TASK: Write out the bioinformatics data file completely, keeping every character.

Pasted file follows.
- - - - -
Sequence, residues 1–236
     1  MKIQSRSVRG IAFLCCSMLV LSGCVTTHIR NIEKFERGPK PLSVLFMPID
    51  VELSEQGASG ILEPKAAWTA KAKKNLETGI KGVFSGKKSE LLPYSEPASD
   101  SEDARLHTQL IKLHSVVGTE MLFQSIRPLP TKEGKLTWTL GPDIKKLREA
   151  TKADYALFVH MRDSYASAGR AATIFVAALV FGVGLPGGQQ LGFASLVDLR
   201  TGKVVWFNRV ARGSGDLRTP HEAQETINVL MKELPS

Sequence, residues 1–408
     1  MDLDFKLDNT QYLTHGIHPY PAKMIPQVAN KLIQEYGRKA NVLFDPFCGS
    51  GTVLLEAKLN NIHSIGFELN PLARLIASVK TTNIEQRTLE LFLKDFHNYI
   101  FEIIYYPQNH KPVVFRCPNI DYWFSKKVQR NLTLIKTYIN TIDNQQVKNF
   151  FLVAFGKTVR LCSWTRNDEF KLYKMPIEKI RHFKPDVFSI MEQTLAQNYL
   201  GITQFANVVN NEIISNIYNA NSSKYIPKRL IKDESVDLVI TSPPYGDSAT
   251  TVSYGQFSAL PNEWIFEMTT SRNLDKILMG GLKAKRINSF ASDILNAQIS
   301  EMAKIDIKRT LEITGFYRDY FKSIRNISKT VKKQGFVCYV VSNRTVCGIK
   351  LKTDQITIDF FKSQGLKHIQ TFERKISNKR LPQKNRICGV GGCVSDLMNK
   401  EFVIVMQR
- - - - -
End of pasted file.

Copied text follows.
Sequence, residues 1–236
     1  MKIQSRSVRG IAFLCCSMLV LSGCVTTHIR NIEKFERGPK PLSVLFMPID
    51  VELSEQGASG ILEPKAAWTA KAKKNLETGI KGVFSGKKSE LLPYSEPASD
   101  SEDARLHTQL IKLHSVVGTE MLFQSIRPLP TKEGKLTWTL GPDIKKLREA
   151  TKADYALFVH MRDSYASAGR AATIFVAALV FGVGLPGGQQ LGFASLVDLR
   201  TGKVVWFNRV ARGSGDLRTP HEAQETINVL MKELPS

Sequence, residues 1–408
     1  MDLDFKLDNT QYLTHGIHPY PAKMIPQVAN KLIQEYGRKA NVLFDPFCGS
    51  GTVLLEAKLN NIHSIGFELN PLARLIASVK TTNIEQRTLE LFLKDFHNYI
   101  FEIIYYPQNH KPVVFRCPNI DYWFSKKVQR NLTLIKTYIN TIDNQQVKNF
   151  FLVAFGKTVR LCSWTRNDEF KLYKMPIEKI RHFKPDVFSI MEQTLAQNYL
   201  GITQFANVVN NEIISNIYNA NSSKYIPKRL IKDESVDLVI TSPPYGDSAT
   251  TVSYGQFSAL PNEWIFEMTT SRNLDKILMG GLKAKRINSF ASDILNAQIS
   301  EMAKIDIKRT LEITGFYRDY FKSIRNISKT VKKQGFVCYV VSNRTVCGIK
   351  LKTDQITIDF FKSQGLKHIQ TFERKISNKR LPQKNRICGV GGCVSDLMNK
   401  EFVIVMQR